With Freddie Mac and Fannie Mae having announced new lending rules last month that allow home buyers to purchase a home with a down payment of as low as 3 percent, this should allow more consumers to gain access to home loans, when doing so was previously a Herculean task to attain.
Early in December, Fannie Mae and Freddie Mac, both government-sponsored mortgage buyers, announced a new set of mortgage lending guidelines, many of which stand to benefit a number of buyers who had a hard time qualifying for mortgages in the past. During the global financial crisis of 2008, millions of consumers worldwide, including the U.S., lost their savings, or were not able to earn enough money to make their monthly mortgage payments. And while the housing market has enjoyed a decent recovery so far, high home prices continue to serve as a headwind to the recovery, preventing sales figures from reaching their full potential.
However, the new guidelines are in place with another primary goal in mind – to curb the risky, haphazard lending that took place in the run-up to the housing bubble, and helped drive the Great Recession of the late 2000s. The rules are also designed to prevent speculative investment, and on borrowers’ parts, they are required to have enough income for them to repay their mortgages on a monthly basis. Still, the main thing for consumers is that the rules have the potential to entice more first-timers or troubled buyers who previously would not have qualified.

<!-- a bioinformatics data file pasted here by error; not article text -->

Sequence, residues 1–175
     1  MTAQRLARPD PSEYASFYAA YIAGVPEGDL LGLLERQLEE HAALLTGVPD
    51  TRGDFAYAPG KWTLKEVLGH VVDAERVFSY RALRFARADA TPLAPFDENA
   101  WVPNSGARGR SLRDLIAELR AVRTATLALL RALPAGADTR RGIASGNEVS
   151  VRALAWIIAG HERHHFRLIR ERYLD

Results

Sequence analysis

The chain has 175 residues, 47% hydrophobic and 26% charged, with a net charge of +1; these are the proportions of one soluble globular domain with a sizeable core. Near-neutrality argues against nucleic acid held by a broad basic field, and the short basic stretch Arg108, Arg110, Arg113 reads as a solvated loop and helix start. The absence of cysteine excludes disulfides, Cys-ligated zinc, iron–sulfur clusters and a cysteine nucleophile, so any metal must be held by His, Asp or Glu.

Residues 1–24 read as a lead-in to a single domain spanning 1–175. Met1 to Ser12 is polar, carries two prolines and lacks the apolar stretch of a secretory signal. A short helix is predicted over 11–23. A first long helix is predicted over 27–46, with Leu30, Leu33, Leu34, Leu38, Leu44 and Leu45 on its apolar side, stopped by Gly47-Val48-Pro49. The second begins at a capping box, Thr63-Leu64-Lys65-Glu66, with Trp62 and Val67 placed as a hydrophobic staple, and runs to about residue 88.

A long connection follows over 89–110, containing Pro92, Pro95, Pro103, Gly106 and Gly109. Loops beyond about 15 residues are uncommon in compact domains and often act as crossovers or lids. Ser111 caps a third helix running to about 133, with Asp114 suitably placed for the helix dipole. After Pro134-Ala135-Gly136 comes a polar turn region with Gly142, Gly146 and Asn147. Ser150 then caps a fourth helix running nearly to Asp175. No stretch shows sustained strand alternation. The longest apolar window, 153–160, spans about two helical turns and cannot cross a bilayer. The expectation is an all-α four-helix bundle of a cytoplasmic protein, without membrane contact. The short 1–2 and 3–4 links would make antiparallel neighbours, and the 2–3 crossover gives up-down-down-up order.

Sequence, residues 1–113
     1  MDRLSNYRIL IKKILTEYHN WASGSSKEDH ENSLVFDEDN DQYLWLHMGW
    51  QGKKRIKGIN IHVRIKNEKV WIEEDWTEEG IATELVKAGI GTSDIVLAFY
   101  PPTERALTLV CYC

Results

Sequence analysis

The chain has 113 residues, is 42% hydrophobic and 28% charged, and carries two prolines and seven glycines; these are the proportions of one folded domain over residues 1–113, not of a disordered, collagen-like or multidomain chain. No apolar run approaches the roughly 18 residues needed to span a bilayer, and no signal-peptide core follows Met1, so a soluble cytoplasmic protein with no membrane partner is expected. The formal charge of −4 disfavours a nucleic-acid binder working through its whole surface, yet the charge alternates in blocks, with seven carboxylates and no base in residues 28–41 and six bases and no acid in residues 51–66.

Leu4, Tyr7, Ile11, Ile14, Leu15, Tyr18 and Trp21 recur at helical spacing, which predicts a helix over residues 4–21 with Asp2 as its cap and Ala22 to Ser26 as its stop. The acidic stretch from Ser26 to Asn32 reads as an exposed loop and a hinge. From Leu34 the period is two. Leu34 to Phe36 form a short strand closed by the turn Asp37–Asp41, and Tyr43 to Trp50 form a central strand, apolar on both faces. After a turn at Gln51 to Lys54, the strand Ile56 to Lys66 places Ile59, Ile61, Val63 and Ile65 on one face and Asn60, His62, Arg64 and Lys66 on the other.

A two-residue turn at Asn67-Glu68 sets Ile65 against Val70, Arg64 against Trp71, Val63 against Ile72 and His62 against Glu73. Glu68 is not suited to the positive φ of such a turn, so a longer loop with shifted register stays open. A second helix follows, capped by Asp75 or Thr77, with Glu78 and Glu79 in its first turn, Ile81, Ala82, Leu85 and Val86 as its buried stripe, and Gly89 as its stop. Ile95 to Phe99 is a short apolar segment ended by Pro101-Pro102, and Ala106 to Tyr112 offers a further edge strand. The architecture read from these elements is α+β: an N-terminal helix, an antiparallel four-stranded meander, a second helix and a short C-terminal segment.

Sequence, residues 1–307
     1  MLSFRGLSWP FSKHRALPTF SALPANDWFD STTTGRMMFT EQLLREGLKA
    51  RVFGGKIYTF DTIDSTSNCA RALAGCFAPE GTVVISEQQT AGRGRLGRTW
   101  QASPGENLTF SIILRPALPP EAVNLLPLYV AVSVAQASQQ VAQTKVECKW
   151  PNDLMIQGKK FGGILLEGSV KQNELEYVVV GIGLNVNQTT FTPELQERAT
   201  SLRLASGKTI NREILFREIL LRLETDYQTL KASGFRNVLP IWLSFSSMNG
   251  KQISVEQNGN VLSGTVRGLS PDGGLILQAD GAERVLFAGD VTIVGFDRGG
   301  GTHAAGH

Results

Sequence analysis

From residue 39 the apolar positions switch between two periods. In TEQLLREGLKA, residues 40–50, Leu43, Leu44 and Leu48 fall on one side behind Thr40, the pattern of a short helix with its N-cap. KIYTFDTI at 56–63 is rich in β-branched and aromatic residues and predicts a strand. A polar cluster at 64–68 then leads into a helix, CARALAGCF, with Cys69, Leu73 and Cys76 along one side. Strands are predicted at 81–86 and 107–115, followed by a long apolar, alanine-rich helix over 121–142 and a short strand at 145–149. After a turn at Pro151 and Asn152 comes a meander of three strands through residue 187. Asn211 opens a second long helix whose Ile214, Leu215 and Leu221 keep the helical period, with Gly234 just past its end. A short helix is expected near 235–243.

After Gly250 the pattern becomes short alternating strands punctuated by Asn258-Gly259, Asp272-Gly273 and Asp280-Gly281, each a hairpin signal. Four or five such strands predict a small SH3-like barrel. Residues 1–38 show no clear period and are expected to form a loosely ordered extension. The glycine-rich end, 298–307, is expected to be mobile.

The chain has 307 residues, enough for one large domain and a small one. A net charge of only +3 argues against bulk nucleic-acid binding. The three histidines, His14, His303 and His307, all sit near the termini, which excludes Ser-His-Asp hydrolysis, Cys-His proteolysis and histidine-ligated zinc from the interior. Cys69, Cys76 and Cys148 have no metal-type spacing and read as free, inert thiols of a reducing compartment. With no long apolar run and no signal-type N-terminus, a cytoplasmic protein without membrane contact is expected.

According to a prepared statement from Federal Housing Finance Agency director Melvin L. Watt, the new guidelines “provide a responsible approach to improving access to credit while ensuring safe and sound lending practices.” The FHFA supervises both Fannie and Freddie, both of whom were placed under government conservatorship in 2008 due to the housing crisis.
Watt had made the government’s plans official in October, when he said that Fannie and Freddie had agreed to expand lending after striking up a deal with financial institutions. And while it is expected that a lot of buyers would be able to benefit from being allowed a down payment of only 3 percent, the FHFA did not say when pressed previously how many estimated borrowers could take advantage of the reforms. Some policies may vary depending on the financial institution, but these new loans would all be fixed-rate mortgages with a maximum term of 30 years for primary residences.
Freddie Mac confirmed that it plans to offer these low down payment products as soon as March 2015, and was quoted as saying that these products may especially benefit low- and moderate-income consumers. Qualifying for a 3 percent down payment would require earning less than the market’s median income, and would also have to pay insurance and receive credit counseling. Monthly payments, on the other hand, should be no more than 43 percent of the borrower’s monthly income.
As for Fannie Mae, the mortgage buyer said in December that it plans to underwrite its loans as soon as possible, and would be pushing its products to first-time buyers. Borrowers will also have to pay insurance and go through financial counseling, on account of the extremely low down payment.